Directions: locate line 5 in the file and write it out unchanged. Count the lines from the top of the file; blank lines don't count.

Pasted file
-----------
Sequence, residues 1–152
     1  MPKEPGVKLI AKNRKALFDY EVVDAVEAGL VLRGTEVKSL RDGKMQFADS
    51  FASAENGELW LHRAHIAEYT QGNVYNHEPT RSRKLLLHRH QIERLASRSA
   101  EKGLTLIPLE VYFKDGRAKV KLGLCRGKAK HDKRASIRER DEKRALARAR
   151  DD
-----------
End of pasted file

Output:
   151  DD